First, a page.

-Cheeseburgers, garlicky new potatoes, green salad, tomatoes and cream, strawberry shortcake

-Penne with herbed zucchini, green salad, fruit, good bread

-Pimiento cheese sandwiches, chips, green salad, fruit

-Cream of broccoli soup, layered salad, pineapple muffins

-BBQ chicken, hot bean salsa with tortilla chips, corn on the cob, green salad

-Biscuits & gravy, fruit salad, sausage

-Hoppin' John, green salad, fruit

-Fried chicken, potato salad, pea salad, deviled eggs, fruit, strawberry slab pie

Special Breakfasts:
-Pancakes with fresh apricot jam

-Maple-glazed walnut biscuits


Drinks & Nibbles:
-Herbed cheese spread

-Onion tea sandwiches

-Sweet & sour meatballs

-3-bean salad with Dijon-tarragon dressing

-Sour cherry lemonade


Friday, June 16, 2017

BLTs, June 15, 2017

Last night was kind of a night of, "Oh, man" while I was fixing dinner. "Oh, man, I can't find the orzo." "Oh, man, this salad dressing is WAY too boozy!" "Oh, man, one of our tomatoes went bad." Oh, man, the multi-grain bread has gone moldy." And so forth. It's amazing how quickly bread & fruit go moldy (or dry out) here in Colorado! Luckily, I was able to salvage everything & we had a yummy dinner of BLTs on white bread (I put some blue cheese mashed with milk on mine), lemon parmesan penne (instead of orzo---just the juice of half a lemon, a little butter, & a little parmesan stirred into hot penne), a green bean & radish salad with prosciutto, inspired by a Bon Appetit recipe that called for sherry in the dressing, and watermelon, which Wee Boy and I completely wiped out!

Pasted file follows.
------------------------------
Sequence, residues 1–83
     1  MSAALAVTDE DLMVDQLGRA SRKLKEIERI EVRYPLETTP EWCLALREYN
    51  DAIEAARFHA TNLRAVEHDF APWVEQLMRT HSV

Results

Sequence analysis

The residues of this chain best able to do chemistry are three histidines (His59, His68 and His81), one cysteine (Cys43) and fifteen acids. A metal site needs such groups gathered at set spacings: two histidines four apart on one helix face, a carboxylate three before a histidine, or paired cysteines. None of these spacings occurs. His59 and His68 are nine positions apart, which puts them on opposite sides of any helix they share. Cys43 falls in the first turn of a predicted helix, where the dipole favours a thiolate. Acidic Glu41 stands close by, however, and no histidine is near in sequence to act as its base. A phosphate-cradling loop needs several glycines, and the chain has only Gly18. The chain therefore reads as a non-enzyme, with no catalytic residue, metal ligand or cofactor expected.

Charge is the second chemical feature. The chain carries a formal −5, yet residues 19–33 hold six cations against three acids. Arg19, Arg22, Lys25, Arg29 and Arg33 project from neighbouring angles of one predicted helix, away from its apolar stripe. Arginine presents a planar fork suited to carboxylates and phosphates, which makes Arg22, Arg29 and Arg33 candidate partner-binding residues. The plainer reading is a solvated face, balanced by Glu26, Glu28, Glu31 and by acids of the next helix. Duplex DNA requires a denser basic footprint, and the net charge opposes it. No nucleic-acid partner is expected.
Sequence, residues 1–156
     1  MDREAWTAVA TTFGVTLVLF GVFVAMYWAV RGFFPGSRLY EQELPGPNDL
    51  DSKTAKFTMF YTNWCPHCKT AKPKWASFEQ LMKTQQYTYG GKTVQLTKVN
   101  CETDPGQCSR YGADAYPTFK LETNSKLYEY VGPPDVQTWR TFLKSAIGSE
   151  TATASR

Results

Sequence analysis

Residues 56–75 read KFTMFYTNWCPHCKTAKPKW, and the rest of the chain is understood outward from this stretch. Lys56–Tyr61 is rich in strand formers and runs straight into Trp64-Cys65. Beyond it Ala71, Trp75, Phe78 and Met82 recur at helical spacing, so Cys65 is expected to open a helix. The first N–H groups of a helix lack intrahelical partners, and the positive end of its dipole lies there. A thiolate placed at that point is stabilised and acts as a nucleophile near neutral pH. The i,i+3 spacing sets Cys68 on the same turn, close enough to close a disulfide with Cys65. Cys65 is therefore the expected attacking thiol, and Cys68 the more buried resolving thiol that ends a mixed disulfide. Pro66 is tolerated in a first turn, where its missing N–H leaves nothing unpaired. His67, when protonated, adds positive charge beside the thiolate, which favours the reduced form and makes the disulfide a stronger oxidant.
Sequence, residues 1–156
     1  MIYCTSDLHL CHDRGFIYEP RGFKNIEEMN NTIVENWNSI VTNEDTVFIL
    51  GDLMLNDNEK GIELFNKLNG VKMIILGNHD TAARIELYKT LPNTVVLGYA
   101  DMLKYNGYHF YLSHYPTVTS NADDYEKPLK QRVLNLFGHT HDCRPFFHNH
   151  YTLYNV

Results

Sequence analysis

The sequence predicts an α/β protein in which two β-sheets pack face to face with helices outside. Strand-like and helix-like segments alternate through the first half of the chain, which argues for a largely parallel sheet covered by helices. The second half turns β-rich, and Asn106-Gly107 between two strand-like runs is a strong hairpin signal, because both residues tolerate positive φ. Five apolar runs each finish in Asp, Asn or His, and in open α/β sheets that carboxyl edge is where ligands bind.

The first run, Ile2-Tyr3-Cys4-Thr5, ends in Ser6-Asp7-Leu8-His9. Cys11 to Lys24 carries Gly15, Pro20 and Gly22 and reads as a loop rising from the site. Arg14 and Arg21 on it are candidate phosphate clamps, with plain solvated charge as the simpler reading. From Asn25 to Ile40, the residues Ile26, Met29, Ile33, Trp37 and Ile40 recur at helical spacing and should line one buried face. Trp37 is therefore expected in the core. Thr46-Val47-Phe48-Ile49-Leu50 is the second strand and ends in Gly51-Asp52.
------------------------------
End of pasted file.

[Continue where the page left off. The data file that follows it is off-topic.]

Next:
Green Bean & Radish Salad with Prosciutto
14 oz. green beans
5 radishes, sliced paper thin
1 1/2 oz. prosciutto, cut into thin strips
1 1/2 tbsp. white wine vinegar
1/2 tbsp. Dijon mustard
1/2 tbsp. minced chives
1/8 c. olive oil
Salt & pepper
A few shavings campesino cheese (ricotta salata/mizithra/feta/pecorino)

Boil the beans until crisp tender, about 4 minutes. Drain and cool. Toss with radishes & prosciutto. Whisk the vinegar, mustard, and chives together. Slowly whisk in the olive oil, until it emulsifies. Season with salt & pepper. Toss with salad. Shave cheese over top. Serves 4. 

Thursday, June 15, 2017

A Taste of June 2017

I've been having such fun cooking this month! My wife has been home all month so far and, while it's great to cook just for myself and our wee boy, it's ever so much more nice to have her at the table, too. I'm taking a moment to play a little catch-up with some recipes from the start of the month.

The first dinner I cooked for us this month was basil scrambled eggs (just add chopped basil to however you make your scrambled eggs), hash browns (just frozen), bacon, a gorgeous cantaloupe, and oven-toasted cornbread.